FAIRMONT - Randy Beck of Fairmont was able to cross an item off his bucket list earlier this month.
As a Marine Corp veteran, Beck has always had an interest in the military, specifically World War II, owning about 600 books on the subject. Earlier this month, he was able to visit Pearl Harbor during the 70th anniversary of the bombing that led to the U.S. involvement in World War II.
"I've been over to Hawaii several times, and I always wanted to go to Pearl Harbor during one of the big anniversaries," he said. "It had to be done soon; the youngest survivors from that attack are 87 years old."
Randy Beck, right, chats with veterans Will Lehner, left, and Delton Walling during his trip to Pearl Harbor during the 70th anniversary of the Pearl harbor attack.
There were about 220 Pearl Harbor survivors there during the week-long anniversary event. Beck said every chance he could, he was talking to survivors.
"When you asked these men where they were when the attack happened, they'd turn and point," Beck said. "The visitor's center was right across the water from where it happened ... When we first got there, I found two veterans, and I ended up sitting down and spending four hours just talking to them about their experiences."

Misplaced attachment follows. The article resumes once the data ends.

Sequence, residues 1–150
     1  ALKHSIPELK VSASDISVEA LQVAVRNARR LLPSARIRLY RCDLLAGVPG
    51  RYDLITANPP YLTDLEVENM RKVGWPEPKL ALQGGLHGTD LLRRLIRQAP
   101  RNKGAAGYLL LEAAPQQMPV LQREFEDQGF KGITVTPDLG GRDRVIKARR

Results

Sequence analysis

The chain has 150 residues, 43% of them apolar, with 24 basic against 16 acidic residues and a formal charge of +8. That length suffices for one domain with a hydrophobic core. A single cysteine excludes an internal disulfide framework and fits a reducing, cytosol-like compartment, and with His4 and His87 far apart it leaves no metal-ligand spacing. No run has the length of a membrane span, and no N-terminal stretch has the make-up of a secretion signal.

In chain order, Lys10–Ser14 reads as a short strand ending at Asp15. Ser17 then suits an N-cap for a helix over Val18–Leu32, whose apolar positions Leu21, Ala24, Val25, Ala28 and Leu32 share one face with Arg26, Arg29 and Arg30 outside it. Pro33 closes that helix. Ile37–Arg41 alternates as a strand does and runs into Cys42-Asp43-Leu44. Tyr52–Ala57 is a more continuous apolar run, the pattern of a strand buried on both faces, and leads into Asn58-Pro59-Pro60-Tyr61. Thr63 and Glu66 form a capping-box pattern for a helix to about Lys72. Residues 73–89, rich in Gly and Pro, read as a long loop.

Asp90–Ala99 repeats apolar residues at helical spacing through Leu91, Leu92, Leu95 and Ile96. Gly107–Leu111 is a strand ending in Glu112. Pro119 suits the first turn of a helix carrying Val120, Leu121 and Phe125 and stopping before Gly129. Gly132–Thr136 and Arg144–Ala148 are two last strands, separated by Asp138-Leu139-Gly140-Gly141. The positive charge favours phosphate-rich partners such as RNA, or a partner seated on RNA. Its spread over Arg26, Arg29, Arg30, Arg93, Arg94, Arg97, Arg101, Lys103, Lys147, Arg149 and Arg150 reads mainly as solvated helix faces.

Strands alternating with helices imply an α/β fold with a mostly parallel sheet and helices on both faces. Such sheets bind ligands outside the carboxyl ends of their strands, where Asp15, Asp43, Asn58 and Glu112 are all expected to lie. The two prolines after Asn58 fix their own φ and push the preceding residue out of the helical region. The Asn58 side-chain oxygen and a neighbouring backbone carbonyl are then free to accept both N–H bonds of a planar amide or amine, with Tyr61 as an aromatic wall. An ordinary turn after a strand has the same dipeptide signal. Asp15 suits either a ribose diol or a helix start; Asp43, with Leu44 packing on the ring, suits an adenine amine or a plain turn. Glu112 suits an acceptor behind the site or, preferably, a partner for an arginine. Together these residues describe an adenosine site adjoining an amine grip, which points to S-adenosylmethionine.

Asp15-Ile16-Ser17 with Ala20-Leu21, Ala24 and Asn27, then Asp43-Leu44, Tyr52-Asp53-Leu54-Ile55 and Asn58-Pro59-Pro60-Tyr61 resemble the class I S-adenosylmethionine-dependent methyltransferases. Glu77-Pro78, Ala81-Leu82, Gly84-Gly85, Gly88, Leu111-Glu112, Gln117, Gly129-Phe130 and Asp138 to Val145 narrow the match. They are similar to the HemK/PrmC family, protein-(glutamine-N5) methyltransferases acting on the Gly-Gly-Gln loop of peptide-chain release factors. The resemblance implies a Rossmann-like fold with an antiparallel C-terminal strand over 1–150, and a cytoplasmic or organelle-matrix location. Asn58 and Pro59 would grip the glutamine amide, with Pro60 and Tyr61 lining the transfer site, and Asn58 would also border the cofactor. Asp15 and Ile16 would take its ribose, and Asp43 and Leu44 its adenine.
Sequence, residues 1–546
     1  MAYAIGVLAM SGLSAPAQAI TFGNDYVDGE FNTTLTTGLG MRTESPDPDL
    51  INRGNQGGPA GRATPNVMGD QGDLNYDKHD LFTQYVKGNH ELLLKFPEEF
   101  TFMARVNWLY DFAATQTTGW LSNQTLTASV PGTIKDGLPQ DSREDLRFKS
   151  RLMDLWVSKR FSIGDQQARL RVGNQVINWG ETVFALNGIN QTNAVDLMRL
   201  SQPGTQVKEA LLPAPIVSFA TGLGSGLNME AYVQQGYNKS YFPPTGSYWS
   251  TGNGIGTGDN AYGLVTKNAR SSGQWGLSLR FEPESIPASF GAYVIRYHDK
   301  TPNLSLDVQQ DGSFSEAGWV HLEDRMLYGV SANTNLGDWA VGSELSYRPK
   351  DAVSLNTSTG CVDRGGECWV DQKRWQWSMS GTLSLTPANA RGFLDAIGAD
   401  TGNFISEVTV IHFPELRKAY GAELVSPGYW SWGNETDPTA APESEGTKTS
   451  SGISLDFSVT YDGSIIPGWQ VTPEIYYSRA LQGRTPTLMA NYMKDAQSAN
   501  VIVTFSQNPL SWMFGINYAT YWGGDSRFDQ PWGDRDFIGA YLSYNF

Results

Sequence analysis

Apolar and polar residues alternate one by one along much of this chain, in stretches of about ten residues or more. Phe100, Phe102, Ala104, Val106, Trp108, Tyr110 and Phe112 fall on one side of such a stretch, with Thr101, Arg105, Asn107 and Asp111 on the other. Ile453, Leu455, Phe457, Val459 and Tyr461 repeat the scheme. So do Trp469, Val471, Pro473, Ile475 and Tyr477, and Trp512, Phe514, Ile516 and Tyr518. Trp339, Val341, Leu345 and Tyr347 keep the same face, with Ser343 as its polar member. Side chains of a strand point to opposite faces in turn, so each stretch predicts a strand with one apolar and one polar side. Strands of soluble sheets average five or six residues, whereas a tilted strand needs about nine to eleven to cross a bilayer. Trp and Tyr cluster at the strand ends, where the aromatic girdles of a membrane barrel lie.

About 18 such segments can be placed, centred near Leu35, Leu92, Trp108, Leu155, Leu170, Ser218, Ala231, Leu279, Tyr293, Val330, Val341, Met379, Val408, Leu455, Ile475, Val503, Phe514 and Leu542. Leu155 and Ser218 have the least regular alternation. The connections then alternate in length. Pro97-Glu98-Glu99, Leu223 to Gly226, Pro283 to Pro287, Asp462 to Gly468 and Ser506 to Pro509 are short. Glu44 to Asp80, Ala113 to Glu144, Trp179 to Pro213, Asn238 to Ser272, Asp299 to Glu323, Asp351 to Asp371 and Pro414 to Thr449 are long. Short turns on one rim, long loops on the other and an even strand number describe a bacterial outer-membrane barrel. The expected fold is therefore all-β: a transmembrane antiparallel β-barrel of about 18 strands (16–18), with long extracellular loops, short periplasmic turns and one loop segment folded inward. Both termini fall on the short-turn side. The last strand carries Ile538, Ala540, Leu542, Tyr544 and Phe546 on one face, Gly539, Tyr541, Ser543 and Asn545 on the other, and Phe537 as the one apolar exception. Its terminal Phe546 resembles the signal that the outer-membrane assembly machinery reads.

Beck noted that while war survivors do not always want to share their stories when they come home, many of the World War II veterans were eager to tell their tales.
"They talked not only about that day, but all of these men also spent four more years in the war," he said. "They want to talk now. They want to remember and have it remembered not for themselves, but those they lost. They talk about the ones that were killed with reverence. One vet I talked to said the guy standing right next to him at the time was killed. That was his best friend."
Part of Beck's passion for World War II comes from his father, who is also a WWII vet.
"There are a lot of WWII vets in this area, and I would encourage the younger generations to spend some time talking to them. You can get things from a textbook, but there's so much more from these people. And they're a dying breed. Who will be their voice?"
While Beck has an unwavering respect for "the greatest generation," the WWII veterans he met remained humble.
"Their main theme is they just did the job they had to do. They consider the ones they lost as the heroes," Beck said. "All the vets are important, but this generation is important and they're leaving us in a hurry."